NAFTA takes greener path
by Phil Burgess, Unabridged from the Rocky Mountain News, September 14, 1993
The Sierra Club, Friends of the Earth and other national environmental organizations have joined forces to derail the North American Free Trade Agreement (NAFTA). Some are organizing opposition in Congress. Others have filed suit in federal court to obtain a court order to prevent consummation of the pact until an environmental impact statement has been filed.
Initiatives to defeat NAFTA on environmental grounds are unfortunate because NAFTA is our best hope for rapid environmental clean-up in Mexico. Reason: Richer nations clean up the environment. Poorer nations pollute. And NAFTA, more than any other single act, will rapidly increase living standards in Mexico, as it will in the US. Even president Clinton has noted that “only a prosperous society can have the confidence and the means to protect its environment.”
In addition, according to analyses of the 2000-page agreement by the US Trade Representative NAFTA and its supplemental agreements will help ensure that economic development takes place in a way that protects and improves the environment:
- NAFTA contains explicit endorsement by the three countries of the principle of sustainable development and calls for the “upward harmonization” of environmental regulations and standards in both countries.
- No existing federal or state regulation to protect health or safety will be jeopardized by NAFTA — and, the agreement permits the participating countries (and their states and provinces) to enact tougher environmental standards.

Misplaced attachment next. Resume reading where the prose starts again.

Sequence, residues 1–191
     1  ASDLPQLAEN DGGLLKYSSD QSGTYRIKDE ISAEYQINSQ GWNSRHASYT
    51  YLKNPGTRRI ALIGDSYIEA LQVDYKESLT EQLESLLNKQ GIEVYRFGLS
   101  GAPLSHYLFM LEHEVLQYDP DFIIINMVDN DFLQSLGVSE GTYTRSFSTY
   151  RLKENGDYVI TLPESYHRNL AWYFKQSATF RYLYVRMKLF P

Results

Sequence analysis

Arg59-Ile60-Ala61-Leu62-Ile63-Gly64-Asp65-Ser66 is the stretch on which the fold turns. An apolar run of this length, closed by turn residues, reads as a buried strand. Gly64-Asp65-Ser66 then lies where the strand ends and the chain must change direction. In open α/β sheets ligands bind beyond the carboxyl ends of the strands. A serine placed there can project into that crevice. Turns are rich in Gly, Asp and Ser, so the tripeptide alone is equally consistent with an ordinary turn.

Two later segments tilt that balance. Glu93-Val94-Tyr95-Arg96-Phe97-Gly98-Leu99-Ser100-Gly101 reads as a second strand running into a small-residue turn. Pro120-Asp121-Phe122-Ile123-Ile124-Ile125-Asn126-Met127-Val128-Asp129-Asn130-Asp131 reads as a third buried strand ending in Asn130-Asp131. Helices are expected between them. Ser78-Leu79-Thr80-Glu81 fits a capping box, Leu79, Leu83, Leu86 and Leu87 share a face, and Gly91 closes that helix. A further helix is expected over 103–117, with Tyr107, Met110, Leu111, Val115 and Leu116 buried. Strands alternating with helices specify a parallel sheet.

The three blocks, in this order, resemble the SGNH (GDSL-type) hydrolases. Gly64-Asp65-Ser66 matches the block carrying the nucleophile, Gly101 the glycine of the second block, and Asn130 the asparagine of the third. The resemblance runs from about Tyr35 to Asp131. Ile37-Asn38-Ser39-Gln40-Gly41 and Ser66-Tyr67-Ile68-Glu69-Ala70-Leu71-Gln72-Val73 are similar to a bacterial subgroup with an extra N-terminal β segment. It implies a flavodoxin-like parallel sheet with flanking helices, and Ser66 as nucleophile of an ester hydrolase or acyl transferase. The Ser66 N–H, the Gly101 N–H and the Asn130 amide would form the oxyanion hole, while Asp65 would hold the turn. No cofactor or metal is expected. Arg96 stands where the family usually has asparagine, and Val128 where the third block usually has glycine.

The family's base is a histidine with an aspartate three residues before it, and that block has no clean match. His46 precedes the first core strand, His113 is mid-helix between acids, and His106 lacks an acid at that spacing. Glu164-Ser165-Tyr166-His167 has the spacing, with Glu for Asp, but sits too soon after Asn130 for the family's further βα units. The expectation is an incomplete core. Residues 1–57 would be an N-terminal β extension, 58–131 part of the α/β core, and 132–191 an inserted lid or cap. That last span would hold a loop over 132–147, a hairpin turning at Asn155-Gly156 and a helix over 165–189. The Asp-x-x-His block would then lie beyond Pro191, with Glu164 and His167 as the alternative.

- If a dispute arises with environmental implications, NAFTA provides for scientific boards to guide panelists considering the dispute.
- NAFTA gives precedence to existing international environmental agreements (including those on endangered species and the use of CFCs) in the event they conflict with NAFTA’s rules.
- NAFTA allows countries to impose strict environmental standards on investment, and NAFTA countries agree not to weaken environmental protection to attract investment — for example, to attract a coal-fired power plant across the border with the promise of relaxed environmental regulation.
Result: NAFTA is unprecedented among international trade agreements in recognizing the relationship between trade and the environment. In fact, many think NAFTA goes too far in this regard, creating a whole new set of non-tariff barriers in the form of cross-border environmental regulations and other red tape that can be invoked to stop trade.
All three nations, and especially Mexico, have serious environmental problems. Defeating NAFTA would only aggravate environmental problems — and create new ones.
If Congress walks away from NAFTA, early consequences for Mexico are severe — including capital flight, peso devaluation, disinvestment and loss of confidence in the Mexican economy. Rising unemployment and fiscal instability are likely to follow — and all this during Mexico’s Presidential election year. The result for the US: more illegal immigration, rising anti-Americanism in Mexico and Latin America, and loss of a unique opportunity to improve living standards and the environment in the hemisphere.
This is not a time to lose our nerve.